Securing Co-operation of Church Members

Here are twelve practical suggestions on securing the help of your congregation.

By KENNETH H. WOOD, JR., Pastor-Evangelist Charleston, West Virginia

The third angel's message is without doubt the most important movement on earth to­day. Consequently the ministers of this de­nomination feel challenged to do everything pos­sible to forward the work and finish it in this generation. Especially should this be true of the local church pastor, for it falls to his lot to put into effect the actions of the local, union, and general conferences. It is natural to sup­pose that every consecrated pastor realizes the importance of his work and desires to make a success of his local church program. Yet it must be admitted that many ministers with sin­gularly good ideas sometimes fail to achieve success because they do not gain the co-opera­tion of the church membership. Recognizing this, each pastor should make every effort to gain their co-operation. The following twelve suggestions are ways that I personally have found effective in attaining this, and are sub­mitted with the hope that they may be of help to others.

I. First, and foremost, the pastor must live up to the standards of the message which he represents. Unless he does this his preaching will have little weight. Our churches contain many deeply spiritual people who are walking close to their Saviour, and surely their pastor should not be behind them in character devel­opment. Rather, he should from his own ex­perience be able to lead them into an ever deeper relationship with God. In this same connection it might be said that the pastor should never conduct himself in other than a dignified man­ner. If the flock hears the shepherd tell jokes and sees him carry on antics, the tendency will be to visualize these actions even when he is in the pulpit expounding the most sacred themes. On the other hand, if he is a man of prayer and the Word, his flock will have confidence in his religion and will cheerfully follow his lead­ership.

2. Take the lead in financial sacrifice. Let not the pastor feel that because he belongs to the ministry and pays his tithe that is all that is required of him. His personal example in giving to Sabbath school and church offerings will cause the people to do likewise.

3. Talk courage and faith among your con­gregation. If the feeling prevails that the finan­cial goals are too high, present the bright side. Show how this is a fine opportunity to do more for the Lord, and that if we succeed, more souls will be saved. If the attendance is small, do not act discouraged. God is not dependent on num­bers to pour out His Holy Spirit. Many times these small meetings bring the greatest bless­ings. If only one soul carries away inspiration from your message, surely the sermon was worth the effort. By talking courage we can transmit courage to our congregations.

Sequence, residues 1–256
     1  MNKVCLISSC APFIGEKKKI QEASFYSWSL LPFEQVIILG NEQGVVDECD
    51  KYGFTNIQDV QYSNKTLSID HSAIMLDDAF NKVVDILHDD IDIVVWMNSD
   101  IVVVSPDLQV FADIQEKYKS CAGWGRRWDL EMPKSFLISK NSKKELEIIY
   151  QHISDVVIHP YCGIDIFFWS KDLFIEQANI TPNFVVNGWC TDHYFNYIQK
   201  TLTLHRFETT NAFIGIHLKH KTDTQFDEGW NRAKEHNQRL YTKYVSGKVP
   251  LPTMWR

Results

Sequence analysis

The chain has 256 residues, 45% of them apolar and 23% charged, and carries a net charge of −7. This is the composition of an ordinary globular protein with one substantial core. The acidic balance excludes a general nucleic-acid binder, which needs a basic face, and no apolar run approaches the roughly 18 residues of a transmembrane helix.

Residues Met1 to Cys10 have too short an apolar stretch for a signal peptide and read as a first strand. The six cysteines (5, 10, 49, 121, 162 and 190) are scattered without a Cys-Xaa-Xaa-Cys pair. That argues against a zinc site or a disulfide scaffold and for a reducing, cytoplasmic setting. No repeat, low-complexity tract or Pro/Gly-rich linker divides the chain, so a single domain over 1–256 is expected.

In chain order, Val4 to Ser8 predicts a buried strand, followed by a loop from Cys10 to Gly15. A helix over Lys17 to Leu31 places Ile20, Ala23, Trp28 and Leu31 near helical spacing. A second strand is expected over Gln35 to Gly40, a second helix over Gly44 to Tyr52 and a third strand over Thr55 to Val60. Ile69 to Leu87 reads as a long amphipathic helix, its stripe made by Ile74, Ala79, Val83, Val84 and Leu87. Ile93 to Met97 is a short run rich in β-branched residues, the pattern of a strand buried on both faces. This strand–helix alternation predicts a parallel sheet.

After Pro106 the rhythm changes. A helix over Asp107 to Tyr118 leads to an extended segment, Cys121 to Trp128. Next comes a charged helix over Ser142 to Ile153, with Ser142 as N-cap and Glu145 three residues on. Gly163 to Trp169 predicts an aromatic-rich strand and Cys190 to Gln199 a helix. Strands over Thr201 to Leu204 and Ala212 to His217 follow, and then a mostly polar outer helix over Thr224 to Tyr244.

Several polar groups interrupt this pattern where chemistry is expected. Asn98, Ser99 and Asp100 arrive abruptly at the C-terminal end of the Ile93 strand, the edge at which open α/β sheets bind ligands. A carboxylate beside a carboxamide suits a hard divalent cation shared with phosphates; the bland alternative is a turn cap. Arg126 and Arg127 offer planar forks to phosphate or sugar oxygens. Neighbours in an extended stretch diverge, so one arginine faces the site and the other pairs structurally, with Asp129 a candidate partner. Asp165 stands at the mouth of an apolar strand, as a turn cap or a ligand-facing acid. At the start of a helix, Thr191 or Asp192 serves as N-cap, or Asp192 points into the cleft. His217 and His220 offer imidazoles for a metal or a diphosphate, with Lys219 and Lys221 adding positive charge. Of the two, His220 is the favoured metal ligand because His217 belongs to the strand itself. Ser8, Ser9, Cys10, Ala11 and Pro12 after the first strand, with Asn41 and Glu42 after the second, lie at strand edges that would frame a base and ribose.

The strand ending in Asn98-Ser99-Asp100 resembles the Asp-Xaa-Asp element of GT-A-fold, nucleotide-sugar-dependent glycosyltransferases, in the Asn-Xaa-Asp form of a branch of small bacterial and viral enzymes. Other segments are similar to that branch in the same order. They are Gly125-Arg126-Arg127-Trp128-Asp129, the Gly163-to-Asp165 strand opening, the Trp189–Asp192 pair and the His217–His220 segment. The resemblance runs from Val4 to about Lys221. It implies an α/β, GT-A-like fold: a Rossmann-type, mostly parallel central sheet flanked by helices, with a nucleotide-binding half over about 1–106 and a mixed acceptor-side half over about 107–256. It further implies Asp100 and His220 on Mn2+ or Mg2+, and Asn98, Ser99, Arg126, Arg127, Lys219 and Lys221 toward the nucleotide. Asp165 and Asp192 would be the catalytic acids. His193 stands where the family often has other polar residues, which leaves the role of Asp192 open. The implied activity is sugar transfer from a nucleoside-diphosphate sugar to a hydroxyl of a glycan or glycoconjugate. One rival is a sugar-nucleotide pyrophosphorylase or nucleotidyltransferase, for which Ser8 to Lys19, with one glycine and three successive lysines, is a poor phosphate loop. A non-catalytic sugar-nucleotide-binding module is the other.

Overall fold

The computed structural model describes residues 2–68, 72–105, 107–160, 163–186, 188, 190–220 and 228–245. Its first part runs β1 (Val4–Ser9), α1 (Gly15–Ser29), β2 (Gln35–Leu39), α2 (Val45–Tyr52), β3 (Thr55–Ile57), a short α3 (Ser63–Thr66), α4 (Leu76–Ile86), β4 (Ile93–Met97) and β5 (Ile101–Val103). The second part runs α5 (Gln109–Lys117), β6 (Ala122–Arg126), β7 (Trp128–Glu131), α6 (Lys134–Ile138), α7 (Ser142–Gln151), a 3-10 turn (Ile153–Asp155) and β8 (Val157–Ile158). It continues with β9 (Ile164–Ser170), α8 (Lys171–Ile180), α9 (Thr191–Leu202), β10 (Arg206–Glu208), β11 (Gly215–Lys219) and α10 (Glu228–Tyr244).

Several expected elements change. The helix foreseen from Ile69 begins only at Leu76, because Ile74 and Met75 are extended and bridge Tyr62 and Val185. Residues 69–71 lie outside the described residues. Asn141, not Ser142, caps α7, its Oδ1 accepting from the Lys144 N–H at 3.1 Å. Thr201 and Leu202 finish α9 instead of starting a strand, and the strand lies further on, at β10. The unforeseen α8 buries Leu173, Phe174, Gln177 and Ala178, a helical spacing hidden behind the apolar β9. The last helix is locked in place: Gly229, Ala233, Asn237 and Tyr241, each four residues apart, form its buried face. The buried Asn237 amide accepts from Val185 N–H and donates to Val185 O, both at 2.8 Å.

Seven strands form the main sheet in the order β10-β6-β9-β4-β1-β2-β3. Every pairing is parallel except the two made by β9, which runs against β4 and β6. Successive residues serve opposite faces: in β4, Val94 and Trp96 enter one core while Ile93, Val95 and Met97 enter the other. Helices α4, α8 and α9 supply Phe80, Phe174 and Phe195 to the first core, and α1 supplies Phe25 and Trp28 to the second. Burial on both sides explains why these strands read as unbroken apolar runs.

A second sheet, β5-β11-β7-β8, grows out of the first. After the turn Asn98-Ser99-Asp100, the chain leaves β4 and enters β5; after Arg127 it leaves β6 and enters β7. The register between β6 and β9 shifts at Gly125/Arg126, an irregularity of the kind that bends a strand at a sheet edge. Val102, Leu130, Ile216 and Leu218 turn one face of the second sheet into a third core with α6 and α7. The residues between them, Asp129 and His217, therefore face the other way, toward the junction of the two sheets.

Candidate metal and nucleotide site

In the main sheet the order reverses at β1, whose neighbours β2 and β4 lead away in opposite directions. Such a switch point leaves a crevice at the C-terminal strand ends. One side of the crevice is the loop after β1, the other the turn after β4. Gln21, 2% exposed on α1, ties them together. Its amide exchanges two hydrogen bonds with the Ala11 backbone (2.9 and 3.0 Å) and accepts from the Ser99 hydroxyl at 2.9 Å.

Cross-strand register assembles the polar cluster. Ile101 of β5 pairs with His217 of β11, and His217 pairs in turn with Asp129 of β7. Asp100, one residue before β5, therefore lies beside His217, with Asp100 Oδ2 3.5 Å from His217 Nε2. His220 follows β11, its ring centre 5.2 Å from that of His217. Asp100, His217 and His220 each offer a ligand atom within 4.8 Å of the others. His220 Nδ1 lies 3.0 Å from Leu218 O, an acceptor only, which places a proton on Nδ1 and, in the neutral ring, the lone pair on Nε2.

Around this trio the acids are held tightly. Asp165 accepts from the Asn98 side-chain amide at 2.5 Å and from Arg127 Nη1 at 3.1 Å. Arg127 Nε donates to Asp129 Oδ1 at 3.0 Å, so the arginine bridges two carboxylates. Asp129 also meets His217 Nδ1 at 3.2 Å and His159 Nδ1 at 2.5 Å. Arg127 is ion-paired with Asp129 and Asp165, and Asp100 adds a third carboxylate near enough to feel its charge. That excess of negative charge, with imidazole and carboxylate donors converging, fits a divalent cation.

4. The pastor should show a genuine interest in every church member and his problems. Many times they may seem unimportant to the pastor, but they are of vital importance to the individual. This means that the pastor will listen attentively when a member is relating his troubles, whether it is by telephone or face to face, even though it may be the second or third recital. If it is a face-to-face conversation, give the person your undivided attention, not allow­ing your eyes to wander to bystanders. This complete attention and interest will go far to­ward gaining the support of a member.

5. Always visit members who may be sick. This will never be forgotten, for it is at such times that the heart is most impressionable and favors are most appreciated. The pastor will also visit all his members as time permits, but he should make sure to visit all who have espe­cially requested his presence. Members notice whether the pastor visits those they request him to visit, and if he does, their hearts are won. If not, their co-operation will be difficult to get.

6. Endeavor to develop the talents of every member. There is a tendency to ask only ex­perienced ones to take part in the different serv­ices, but this is a mistake and will encourage weakness in the church. Rather, give all an opportunity to develop, that they may help carry the load. The pastor should organize such classes as the Lay Bible Workers' Course and the Teachers' Training Course. Training our laity for service will yield large returns both in strengthening the church and in producing happy members.